There’s only one real estate bull left standing: Zillow.
Not only does Zillow disagree with the “home price correction” narrative, the Seattle-based real estate listing site thinks the pandemic housing boom has some remaining gas in the tank. Between July 2022 and June 2023, Zillow predicts U.S. home prices will rise another 7.8% (scroll down to find forecast at the metro level). This is well above the average annual appreciation of 4.6% recorded since 1987.
Research groups like Zelman & Associates, Capital Economics and John Burns Real Estate Consulting all believe the country is getting closer to falling house prices. They say soaring mortgage rates have pushed the “overvalued” US housing market over the edge. This begs the question: why does Zillow remain so bullish?
Much of it comes down to supply. Between the first week of January and the first week of July, inventory levels on Zillow.com jumped 18%, from 546,800 listings to 642,800 listings. Even with this jump, we are still in a historically tight market. Inventory remains 54% lower than the 1.4 million active listings we had in July 2019. As long as inventory remains scarce, existing home prices are unlikely to fall.
That said, this latest forecast from Zillow marks another downward revision. Faced with weakening housing data, Zillow cut its year-over-year home price outlook from 9.7% to 7.8%. This is the fourth month in a row that Zillow has issued a downward revision.
“The housing market is rapidly rebalancing from what had been arguably the strongest sellers’ market in decades, with inventory rising and competition for homes diminishing in the face of significant housing issues. affordability. The rebalancing is likely to continue given the current macroeconomic headwinds,” write the Zillow researchers.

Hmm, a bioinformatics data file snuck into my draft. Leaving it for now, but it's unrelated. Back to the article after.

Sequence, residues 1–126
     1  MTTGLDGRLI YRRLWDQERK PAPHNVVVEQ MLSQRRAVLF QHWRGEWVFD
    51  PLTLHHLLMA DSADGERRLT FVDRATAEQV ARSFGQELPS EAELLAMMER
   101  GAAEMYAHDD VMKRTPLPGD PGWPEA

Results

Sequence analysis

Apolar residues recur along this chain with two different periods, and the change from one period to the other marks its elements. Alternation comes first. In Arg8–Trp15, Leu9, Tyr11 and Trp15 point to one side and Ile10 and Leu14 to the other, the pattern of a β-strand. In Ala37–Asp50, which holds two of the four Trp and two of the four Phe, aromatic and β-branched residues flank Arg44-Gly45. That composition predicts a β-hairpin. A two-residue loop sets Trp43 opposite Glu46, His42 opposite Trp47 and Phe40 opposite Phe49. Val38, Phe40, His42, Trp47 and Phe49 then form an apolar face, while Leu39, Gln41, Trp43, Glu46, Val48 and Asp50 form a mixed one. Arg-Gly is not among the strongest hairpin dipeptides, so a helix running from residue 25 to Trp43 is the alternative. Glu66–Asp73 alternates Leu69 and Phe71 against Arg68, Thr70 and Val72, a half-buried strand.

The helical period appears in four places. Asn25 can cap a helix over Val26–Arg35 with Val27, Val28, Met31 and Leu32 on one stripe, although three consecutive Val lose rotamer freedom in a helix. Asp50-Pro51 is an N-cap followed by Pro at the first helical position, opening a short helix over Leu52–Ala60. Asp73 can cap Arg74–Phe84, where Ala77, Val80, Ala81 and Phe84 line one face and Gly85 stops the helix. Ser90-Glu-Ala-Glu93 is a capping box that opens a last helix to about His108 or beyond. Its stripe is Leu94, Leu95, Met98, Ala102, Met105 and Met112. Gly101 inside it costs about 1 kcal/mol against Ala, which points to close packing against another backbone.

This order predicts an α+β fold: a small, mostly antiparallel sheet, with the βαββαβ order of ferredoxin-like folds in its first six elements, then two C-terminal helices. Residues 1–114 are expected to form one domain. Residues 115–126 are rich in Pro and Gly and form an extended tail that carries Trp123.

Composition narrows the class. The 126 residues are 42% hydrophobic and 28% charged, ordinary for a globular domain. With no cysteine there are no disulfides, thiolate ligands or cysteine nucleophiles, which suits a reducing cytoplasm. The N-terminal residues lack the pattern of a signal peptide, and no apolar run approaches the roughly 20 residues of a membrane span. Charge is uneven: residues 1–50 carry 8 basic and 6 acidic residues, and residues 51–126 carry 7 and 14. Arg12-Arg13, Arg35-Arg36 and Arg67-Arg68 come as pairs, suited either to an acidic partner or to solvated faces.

Nationally, Zillow forecasts home price growth of 7.8% over the next 12 months. But depending on the region, it will vary a lot.
Of the 911 regional real estate markets analyzed by Zillow economists, 906 are expected to see house prices rise between July 2022 and June 2023. Zillow expects only five markets to see year-over-year declines other. The largest predicted decline being 6.4% in Greenville, Miss.
Over the coming year, Zillow predicts that 741 markets will see house price growth of 5% or more. While 136 markets are expected to see year-over-year house price growth of 10% or more. This includes markets like Athens, Georgia (projected growth of 10.3%); Durango, Colorado (10.3%); Grenada, Mississippi (10.3%); Fort Myers, Florida (10.2%); and Morristown, Tennessee (10.2%).
Keep in mind that some of this house price growth is already priced in. On the data collection side, real estate transactions are lagging behind. Many of the home sales that will be final in August and September actually took place in June and July.
Moody’s Analytics chief economist Mark Zandi disagrees with Zillow’s optimistic outlook.
Over the coming year, Moody’s Analytics predicts that US house prices will remain unchanged. That would mark the lowest level of home price appreciation since 2011. But that’s nationwide. Regionally, Moody’s Analytics predicts that about half of the country will experience a decline in house prices.
Earlier this week, Fortune has contacted Moody’s Analytics for access to its latest proprietary housing analysis. Researchers at the financial intelligence firm calculated the likely development of house prices in more than 400 regional real estate markets between the fourth quarter of 2022 and the fourth quarter of 2024.
Among the nation’s 414 largest real estate markets, Moody’s Analytics predicts that 204 regional real estate markets will experience rising house prices over the next two years. Meanwhile, Moody’s Analytics expects 210 markets to see house prices fall. The steepest declines, according to Zandi, will come in housing markets like Boise and Austin, which are significantly “overvalued” relative to underlying economic fundamentals. In the event of a recession, these markets could see prices fall by 15 to 20%.
Want to stay up to date on the US real estate market? Follow me on Twitter at @NewsLambert.
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